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Reading aloud

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It has been a few days since I last wrote here. However, I’ve been blogging daily to my distribution group, ‘Friends, Family and Church’. It started at about twelve people and now it is 40. So many people have joined in, responded and re-blogged. 

     I’m having a lot of sleepless nights at the moment; not sure why, not anxious or nervous. However, last night’s sleepless night thoughts revolved around reading and reading aloud. When an idea gets into my head, I just can’t get it out of there. This is where my mind was last night.

     I’ve always enjoyed reading and reading aloud. As a child at primary school, my head teacher, Fred Elsey, taught me about reading aloud. I’m not sure whether or not I liked Fred but I certainly respected him. He had three messages about reading aloud. First, the reader is reading, not shouting, at the person on the last row at the back of the hall. He said that this was called projecting your voice, a skill practiced by all good actors. Second, the reader should hold anything at chest height, below chin level with the voice projected above the reading material, not into it.  Finally, he taught me to take my time. He would say, ‘If you come to a comma, pause and count one, a semi-colon count two, colon count three and a full stop count four. Then breathe.’ It was good advice. It stood me well when singing solo. Especially when trying to fill a theatre like the Theatre Royal in Newcastle or the Empire Theatre in Sunderland. Trying to sing to the back row of the Upper Circle or to the top of the Gods is a real challenge. And it was good advice when acting on the stage, knowing how to use the ‘empty spaces’ that Peter Brook wrote about.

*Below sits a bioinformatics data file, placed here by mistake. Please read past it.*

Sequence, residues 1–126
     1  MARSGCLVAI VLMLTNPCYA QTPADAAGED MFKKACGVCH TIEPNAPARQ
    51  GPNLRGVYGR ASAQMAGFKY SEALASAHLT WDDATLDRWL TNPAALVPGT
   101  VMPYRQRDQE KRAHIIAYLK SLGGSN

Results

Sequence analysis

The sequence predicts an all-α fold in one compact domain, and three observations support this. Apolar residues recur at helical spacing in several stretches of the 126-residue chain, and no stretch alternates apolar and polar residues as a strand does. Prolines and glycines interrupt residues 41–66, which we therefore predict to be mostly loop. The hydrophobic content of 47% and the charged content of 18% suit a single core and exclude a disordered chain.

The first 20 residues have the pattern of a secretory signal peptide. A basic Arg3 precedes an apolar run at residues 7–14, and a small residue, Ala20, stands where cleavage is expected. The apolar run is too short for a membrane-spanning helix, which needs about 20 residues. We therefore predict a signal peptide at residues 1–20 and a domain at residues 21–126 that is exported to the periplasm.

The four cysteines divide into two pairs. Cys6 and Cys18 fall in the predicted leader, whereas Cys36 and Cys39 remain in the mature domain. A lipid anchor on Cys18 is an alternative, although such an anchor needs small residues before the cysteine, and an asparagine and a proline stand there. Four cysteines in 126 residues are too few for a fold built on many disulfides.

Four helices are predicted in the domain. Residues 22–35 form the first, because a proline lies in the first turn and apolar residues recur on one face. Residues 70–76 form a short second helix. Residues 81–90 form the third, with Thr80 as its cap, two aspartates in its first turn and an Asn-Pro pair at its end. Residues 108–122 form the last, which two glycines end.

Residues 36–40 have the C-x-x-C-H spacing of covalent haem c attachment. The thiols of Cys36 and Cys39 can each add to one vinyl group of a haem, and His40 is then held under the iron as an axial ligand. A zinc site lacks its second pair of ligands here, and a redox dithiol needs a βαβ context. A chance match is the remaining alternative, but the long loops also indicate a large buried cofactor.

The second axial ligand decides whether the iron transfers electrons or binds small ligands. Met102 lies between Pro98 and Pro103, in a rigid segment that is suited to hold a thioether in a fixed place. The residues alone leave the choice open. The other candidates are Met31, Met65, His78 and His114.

So, in a life of teaching, I’ve loved reading aloud to children. And I’ve loved hearing children read to me. Just occasionally when tired, I’ve dozed off listening to a child read. More recently, members of the writers’ club that I attend, have praised the clarity and quality of my voice when reading my work to them. I was taught to have an expressive voice. It has been one of my best assets in professional life. One fellow writer even said that my voice sounded like Alan Bennet’s. That’s very flattering. However, my accent is Tyneside not Yorkshire. These days, Jeanie, my wife, says I mutter. There are three factors in that possibility: one, Jeanie has a slight hearing loss and prefers not to wear her hearing aids, two, my muttering may be her selective hearing and three, my false teeth do not militate for clarity.

     Still, when I write, the words appear aloud in the silence of my mind. I think this is one reason why I write so rapidly. I can hear the phrases and sentences in my head as they appear on paper or on my computer screen. The ability to touch type is another element. Not a poet, I can hear and feel the rhythm and pulse of what I am writing.

Ancient Geoff

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